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This article is about the Iraqi town of Anah. For the district, see Anah (district). For the figure from Genesis, see List of minor Biblical figures.
Anah is located in Iraq
The location of Anah within Iraq
Coordinates: 34°22′20″N 41°59′15″E / 34.37222°N 41.98750°E / 34.37222; 41.98750Coordinates: 34°22′20″N 41°59′15″E / 34.37222°N 41.98750°E / 34.37222; 41.98750
Country  Iraq
Province Al-Anbar
Occupation Islamic State of Iraq and the Levant
Elevation 34 m (112 ft)
Population (2003)[1]
 • Total 37,211

Anah or Ana (Arabic: عانة‎, ʾĀna), formerly also known as Anna,[2] is an Iraqi town on the Euphrates river, approximately mid-way between the Gulf of Alexandretta and the Persian Gulf. Anah lies from west to east on the right bank along a bend of the river just before it turns south towards Hit.


The town is called Ha-na-atTemplate:Supsmall in a Babylonian letter around 2200 BC,[3] A-na-at by the scribes of Tukulti-Ninurta c. 885 BC,[citation needed] and An-at by the scribes of Assur-nasir-pal II in 879 BC.[3] The name has been connected with the widely-worshipped war goddess Anat.[3] It was known as Anathō (Greek: Άναθω) to Isidore Charax and Anatha to Ammianus Marcellinus; early Arabic writers described it variously as ʾĀna or (as if plural) ʾĀnāt.[3]



Despite maintaining its name across 42 centuries, the exact location of the settlement seems to have moved from time to time. Sources across most of its early history, however, place Anah on an island in the Euphrates.[n 1]

Its early history under the Babylonians is uncertain. A 3rd-millennium BC letter mentions six "men of Hanat" are mentioned in a description of disturbances in the Residency of Suhi, which would have included the district of Anah.[3] It is probably not the place mentioned by Amenhotep I in the 16th century BC or in the speech of Sennacherib's messengers to Hezekiah,[4][5] but probably was the site "in the middle of the Euphrates" opposite which Assur-nasir-pal II halted during his 879 BC campaign.[3] It may also be mentioned in four 7th-century BC documents edited by Claude Hermann Walter Johns.[6][n 2]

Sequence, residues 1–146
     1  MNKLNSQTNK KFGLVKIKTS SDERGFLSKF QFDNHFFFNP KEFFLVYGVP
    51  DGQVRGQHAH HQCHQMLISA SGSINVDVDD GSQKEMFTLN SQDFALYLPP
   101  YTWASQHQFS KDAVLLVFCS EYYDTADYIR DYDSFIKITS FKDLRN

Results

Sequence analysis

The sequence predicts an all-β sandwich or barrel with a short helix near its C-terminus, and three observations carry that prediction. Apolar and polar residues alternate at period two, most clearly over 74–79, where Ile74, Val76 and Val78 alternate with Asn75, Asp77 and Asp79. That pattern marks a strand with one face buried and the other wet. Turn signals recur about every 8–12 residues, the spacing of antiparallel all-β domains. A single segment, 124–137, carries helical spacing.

Xenophon records that the army of Cyrus resupplied during a campaign in 401 BC at "Charmande" near the end of a 90-parasang march between Korsote and Pylae,[7] which likely intends Anah. It was the site where Julian first met opposition in his AD 363 expedition against Parthia. He got possession of the place and relocated its inhabitants.[3]


In 657, during the Muslim conquest of Iraq, Ali's lieutenants Ziyad and Shureih were refused passage across the Euphrates at Anah.[8] Later, in 1058, Anah was the place of exile of the caliph Qaim when Basisiri was in power. In the 14th century, Anah was the seat of the catholicos who served as primate over the Persian Christians.[3]

Medieval Arab poets celebrated Anah's wine;[9] in the 14th century, Mustaufi wrote of the fame of its palm groves.